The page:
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College of Social Sciences & Public Policy

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Research Examines Racial Bias in Police Actions

James E Wright II

Upon receiving a McKnight Junior Faculty Development Fellowship in July, Assistant Professor of Public Administration James E. Wright II noted that the fellowship will make it possible for him to focus on research that not only has impacts within academia but changes the nature of policing in the United States.

“My projects will explore if we can identify what decision points lead to actions by police officers in specific scenarios,” he said.

Discrepancies in bureaucrat behavior, residential segregation and police stops that turn deadly have spurred critical analysis surrounding who gets stopped by the police and what happens once they get stopped. Wright’s earlier research has already addressed aspects of this issue, and two newly published studies take this work further.

One study, “Place plus Race Effects in Bureaucratic Discretionary Power: An Analysis of Residential Segregation and Police Stop Decisions,” considers the effect of officers’ decision when performing vehicle stops and conducting vehicle or person searches. It was published in the journal Public Performance & Management Review, July 29.

Wright and his co-authors – public administration Ph.D. candidate Dongfang Gaozhao and Meagan A. Snow, the Geospatial Data Visualization Librarian for the Geography & Map Division of the Library of Congress – found that majority African American areas of high segregation have 40% more vehicle or person searches than other parts of the city.

Furthermore, the study indicates that in predominately African American areas with growing pockets of East African immigrant areas will be subject to 50% more vehicle and person searches.

The research is one of the few empirical studies within public administration to examine police stop decisions in segregated areas and one of the few empirical studies that explores police actions toward immigrants. The results, Wright said, show that there is stark bias, discrimination and investigatory policing geared towards native-born and foreign-born Black people.

“It shows that not only does race matter; it also extends what we know about dark-skinned immigrants and how they are over-policed,” he said.

Wright and his colleagues analyzed data from segregated neighborhoods in Minneapolis, the city where George Floyd, a 46-year-old Black man, died while a police officer pinned him to the ground with a knee on his neck for more than eight minutes. The May 2020 incident ignited a string of protests across the country and continues to prompt calls for reforming and restructuring police departments throughout the nation.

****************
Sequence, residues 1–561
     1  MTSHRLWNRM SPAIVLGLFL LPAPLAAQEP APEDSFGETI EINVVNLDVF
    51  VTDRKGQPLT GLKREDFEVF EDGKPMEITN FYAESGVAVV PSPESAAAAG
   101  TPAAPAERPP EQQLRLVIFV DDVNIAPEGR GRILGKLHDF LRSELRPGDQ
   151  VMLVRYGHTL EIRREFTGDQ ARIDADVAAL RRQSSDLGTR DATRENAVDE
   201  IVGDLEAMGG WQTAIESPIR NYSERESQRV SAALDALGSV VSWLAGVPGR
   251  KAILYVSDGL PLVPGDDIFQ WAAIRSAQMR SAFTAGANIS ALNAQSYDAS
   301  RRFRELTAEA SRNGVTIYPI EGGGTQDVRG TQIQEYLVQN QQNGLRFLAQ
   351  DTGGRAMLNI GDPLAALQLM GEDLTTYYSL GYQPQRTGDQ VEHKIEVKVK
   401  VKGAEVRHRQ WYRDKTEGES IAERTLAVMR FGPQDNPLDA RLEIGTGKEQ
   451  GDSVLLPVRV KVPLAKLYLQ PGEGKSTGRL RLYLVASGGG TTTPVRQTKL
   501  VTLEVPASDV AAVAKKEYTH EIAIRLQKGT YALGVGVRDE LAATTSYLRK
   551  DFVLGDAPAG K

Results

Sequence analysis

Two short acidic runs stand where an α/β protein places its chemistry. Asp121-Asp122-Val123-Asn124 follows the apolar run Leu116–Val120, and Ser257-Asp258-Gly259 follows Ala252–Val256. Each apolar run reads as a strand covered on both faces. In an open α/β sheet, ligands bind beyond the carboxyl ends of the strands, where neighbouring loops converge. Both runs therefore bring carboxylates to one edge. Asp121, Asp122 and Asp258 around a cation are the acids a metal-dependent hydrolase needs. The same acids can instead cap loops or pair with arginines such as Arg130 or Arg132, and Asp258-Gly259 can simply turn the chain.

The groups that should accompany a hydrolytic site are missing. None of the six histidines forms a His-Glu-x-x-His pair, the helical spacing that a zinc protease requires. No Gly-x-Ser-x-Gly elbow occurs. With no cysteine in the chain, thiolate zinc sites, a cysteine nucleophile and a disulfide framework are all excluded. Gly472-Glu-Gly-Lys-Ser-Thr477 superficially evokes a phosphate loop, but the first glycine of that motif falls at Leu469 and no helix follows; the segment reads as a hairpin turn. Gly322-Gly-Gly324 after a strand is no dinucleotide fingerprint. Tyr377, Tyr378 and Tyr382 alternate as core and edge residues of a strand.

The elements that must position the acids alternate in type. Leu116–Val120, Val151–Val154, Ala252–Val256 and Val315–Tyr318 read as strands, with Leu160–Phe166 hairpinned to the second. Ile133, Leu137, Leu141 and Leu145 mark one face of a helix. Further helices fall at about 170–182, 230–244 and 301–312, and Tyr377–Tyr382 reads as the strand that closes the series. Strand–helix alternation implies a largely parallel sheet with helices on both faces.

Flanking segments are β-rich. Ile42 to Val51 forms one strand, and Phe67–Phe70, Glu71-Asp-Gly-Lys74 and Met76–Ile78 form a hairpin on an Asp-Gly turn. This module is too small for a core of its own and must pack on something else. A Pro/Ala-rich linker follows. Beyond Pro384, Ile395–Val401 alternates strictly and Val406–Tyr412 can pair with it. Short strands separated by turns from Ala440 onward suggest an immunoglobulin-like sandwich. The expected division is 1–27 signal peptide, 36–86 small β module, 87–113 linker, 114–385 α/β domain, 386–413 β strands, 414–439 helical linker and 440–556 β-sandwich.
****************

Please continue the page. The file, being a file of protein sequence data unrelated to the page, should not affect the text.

Wright is the co-author on another study published today in the journal Public Administration Review. “Is Representation Enough? Racial Disparities in Levels of Force and Arrests by Police” examines the impact of representative bureaucracy on the level of force that police officers use and whether they make an arrest in use-of-force encounters.

According to the study abstract, using individual‐level data from New Orleans, the authors find that race impacts policing outcomes even in the presence of situational shortcuts that cue decision‐making.

The findings show that the benefits of representation are conditional on the outcome. Black officers are less likely to use higher levels of force on Black civilians. Yet both Black and White officers are less likely to arrest White civilians in use-of-force encounters. The researchers say this suggests that interactions in which bureaucrats have less discretion (e.g., arrests) may offer limited opportunities for active representation.

The newly published papers are part of Wright’s larger research agenda to highlight police actions geared at civilians. In these and other studies, he seeks to show statistically if discrimination exists, how it manifests and how public servants perpetuate discrimination within public organizations.

“It is my hope that this research will be used to identify discriminatory practices by public servants,” Wright said. “By identifying these practices, we can begin to work on reducing and hopefully eventual eliminating discrimination based upon the color of someone’s skin.”

Earlier this year, Wright co-authored a paper in the journal The American Review of Public Administration. “Police Use of Force Interactions: Is Race Relevant or Gender Germane?” utilized individual-level data from two police departments (Indianapolis and Dallas) to explore differences in the amount of force used by officers in ethnic, racial and gender matches in police-civilian encounters.

One of the projects supported by the McKnight Fellowship will explore what is more pertinent to policing outcomes for civilians: racial representation within the police force or the use of Body-Worn Cameras to reduce police use-of-force scenarios.

Wright also plans to apply for a National Science Foundation grant to explore how virtual reality can be employed in efforts to reduce policing bias in police stops, e.g., using scenario-building to understand police discretion and decision making.

Wright’s work on racial bias and systemic discrimination extends beyond matters of policing. In May 2020, he and a colleague published “Social Equity and COVID ‐19: The Case of African Americans” in the journal Public Administration Review, a study of the disproportionate effect of the virus on Black communities.